Why are countries so afraid to leave the Eurozone?

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Show 1 Answer (Answer provided by Ion Sterpan)
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Good question. The earlier videos spoke about the costs of staying in the eurozone for countries with weak growth. This one speaks about their costs of leaving. For weakly growing countries both staying and leaving are costly. Which means that the underlying problem is their slow growth, no matter if they stay or leave. The tough decision should address the underlying problem. The underlying problem is that they have not yet reformed their institutions. We should not forget that the reason these countries entered in the eurozone in the first place was to credibly commit that they would not inflate (because their central banks would not be able to print euros). That commitment is important to investors. It secures the institutional environment. If these countries leave, they leave because they want to break that commitment.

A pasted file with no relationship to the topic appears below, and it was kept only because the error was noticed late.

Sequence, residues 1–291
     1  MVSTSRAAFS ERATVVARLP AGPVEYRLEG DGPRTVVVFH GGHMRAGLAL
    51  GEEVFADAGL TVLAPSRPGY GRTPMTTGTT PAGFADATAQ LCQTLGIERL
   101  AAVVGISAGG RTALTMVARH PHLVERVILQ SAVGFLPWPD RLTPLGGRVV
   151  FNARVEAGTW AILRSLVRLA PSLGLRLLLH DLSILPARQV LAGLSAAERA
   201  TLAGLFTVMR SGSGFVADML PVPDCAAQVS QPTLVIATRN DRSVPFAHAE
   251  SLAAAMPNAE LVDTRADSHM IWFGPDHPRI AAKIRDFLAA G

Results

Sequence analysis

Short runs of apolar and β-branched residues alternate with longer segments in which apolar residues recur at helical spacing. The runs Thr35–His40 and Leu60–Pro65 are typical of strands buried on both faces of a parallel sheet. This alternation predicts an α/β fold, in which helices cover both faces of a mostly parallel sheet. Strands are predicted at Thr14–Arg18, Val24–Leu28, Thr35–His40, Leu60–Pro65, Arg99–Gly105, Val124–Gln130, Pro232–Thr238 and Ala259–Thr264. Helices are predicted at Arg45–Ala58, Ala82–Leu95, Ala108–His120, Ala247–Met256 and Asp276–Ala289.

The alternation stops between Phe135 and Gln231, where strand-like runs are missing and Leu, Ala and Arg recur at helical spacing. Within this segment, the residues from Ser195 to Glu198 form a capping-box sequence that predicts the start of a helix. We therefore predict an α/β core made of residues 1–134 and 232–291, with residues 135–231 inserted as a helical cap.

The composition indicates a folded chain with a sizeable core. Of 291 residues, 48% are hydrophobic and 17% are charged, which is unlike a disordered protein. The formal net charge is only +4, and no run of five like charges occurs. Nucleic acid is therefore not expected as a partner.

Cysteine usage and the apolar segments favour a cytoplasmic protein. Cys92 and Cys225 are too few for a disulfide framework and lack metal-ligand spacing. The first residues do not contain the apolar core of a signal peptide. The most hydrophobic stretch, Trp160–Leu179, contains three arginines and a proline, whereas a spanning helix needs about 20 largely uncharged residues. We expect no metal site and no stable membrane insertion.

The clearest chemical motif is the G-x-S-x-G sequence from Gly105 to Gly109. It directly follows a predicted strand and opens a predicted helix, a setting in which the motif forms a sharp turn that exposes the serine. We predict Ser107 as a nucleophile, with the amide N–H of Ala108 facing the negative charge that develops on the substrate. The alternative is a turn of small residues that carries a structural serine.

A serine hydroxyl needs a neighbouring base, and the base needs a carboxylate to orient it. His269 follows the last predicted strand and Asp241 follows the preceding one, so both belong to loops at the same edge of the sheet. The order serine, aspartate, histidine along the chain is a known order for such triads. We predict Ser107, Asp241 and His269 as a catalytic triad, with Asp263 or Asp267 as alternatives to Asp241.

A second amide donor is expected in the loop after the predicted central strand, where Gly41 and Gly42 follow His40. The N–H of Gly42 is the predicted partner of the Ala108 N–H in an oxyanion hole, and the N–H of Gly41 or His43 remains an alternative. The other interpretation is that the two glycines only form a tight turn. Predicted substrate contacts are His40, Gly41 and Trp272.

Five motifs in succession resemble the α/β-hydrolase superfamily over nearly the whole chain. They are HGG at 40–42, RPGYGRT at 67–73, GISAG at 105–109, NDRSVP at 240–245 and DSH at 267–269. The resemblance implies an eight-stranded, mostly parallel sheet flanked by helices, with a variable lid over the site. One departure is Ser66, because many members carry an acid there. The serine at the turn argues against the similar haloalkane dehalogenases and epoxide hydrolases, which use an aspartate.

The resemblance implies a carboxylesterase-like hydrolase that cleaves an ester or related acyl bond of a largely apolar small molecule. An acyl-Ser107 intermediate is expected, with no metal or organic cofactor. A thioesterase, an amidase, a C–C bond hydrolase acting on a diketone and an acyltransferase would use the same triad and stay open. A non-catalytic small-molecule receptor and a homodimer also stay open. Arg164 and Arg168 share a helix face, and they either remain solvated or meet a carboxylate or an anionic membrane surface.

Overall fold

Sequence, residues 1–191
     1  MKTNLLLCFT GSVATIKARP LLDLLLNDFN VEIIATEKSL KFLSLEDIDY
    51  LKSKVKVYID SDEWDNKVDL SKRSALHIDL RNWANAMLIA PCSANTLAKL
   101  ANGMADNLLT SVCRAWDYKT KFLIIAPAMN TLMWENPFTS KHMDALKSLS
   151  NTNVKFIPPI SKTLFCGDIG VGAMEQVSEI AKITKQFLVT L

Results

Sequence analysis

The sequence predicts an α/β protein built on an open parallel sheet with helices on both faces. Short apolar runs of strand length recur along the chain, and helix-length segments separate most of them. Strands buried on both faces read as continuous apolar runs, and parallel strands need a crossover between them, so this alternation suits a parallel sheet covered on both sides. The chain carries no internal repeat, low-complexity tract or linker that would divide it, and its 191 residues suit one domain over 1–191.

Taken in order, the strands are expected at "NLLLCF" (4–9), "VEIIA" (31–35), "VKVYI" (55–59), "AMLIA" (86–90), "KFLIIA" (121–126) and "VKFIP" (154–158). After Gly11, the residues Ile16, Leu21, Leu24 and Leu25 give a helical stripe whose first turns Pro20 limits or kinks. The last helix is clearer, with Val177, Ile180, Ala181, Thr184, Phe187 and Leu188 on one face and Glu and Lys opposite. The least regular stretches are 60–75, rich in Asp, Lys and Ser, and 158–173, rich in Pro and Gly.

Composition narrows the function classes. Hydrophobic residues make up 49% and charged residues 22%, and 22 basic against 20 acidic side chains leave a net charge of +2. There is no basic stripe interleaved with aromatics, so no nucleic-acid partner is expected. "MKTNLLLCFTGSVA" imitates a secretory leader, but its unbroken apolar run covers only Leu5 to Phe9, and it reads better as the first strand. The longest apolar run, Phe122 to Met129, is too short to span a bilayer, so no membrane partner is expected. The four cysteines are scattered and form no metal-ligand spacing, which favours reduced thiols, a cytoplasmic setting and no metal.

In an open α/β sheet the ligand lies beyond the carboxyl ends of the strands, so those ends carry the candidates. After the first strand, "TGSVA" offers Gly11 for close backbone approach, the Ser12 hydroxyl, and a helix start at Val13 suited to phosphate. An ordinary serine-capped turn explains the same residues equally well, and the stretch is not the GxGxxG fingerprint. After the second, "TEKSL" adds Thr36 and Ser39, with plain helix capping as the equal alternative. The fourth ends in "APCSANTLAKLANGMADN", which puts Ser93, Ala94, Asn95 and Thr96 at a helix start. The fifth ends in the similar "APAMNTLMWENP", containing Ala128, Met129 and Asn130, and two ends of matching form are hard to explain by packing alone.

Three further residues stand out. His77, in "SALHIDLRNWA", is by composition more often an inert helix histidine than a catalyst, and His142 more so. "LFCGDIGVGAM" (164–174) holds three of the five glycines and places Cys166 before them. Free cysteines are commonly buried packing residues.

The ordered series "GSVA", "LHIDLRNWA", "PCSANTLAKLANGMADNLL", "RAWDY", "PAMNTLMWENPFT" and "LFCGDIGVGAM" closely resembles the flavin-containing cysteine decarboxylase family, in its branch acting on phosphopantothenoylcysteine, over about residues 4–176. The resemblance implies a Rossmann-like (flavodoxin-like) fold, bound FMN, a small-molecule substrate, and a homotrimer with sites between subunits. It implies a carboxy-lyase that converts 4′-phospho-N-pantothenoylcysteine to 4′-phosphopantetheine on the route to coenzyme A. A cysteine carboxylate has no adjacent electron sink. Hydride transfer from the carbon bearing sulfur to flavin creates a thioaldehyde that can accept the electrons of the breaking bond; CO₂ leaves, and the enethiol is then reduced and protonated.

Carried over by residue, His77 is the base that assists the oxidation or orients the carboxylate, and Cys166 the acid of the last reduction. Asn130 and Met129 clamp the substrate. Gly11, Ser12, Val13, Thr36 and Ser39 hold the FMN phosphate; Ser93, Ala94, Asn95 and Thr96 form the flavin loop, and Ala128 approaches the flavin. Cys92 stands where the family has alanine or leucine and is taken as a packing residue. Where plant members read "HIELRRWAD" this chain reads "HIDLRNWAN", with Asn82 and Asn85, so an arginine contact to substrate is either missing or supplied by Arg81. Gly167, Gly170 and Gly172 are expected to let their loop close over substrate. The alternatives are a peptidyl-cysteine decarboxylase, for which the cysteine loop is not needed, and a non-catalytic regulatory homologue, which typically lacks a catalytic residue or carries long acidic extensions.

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Tommaso, that 30-40% figure came from a report by UBS. Info on the report is here:

Here is an excerpt:
"The cost of a weak country leaving the Euro is significant. Consequences include sovereign default, corporate default, collapse of the banking system and collapse of international trade. There is little prospect of devaluation offering much assistance. We estimate that a weak Euro country leaving the Euro would incur a cost of around EUR9,500 to EUR11,500 per person in the exiting country during the first year. That cost would then probably amount to EUR3,000 to EUR4,000 per person per year over subsequent years. That equates to a range of 40% to 50% of GDP in the first year."

It doesn't make it very clear how they actually arrived at these figures. They probably have some model of the economy and how GDP responds to credit conditions, the government's fiscal situation, exports, etc. and make assumptions about how all of those things would react to leaving the euro. Concerning your question about historical feedback, I think that the model they use is probably informed by past examples of sovereign default and currency devaluations (of which there have been many-- in the case of the euro it would just be a much bigger deal.)

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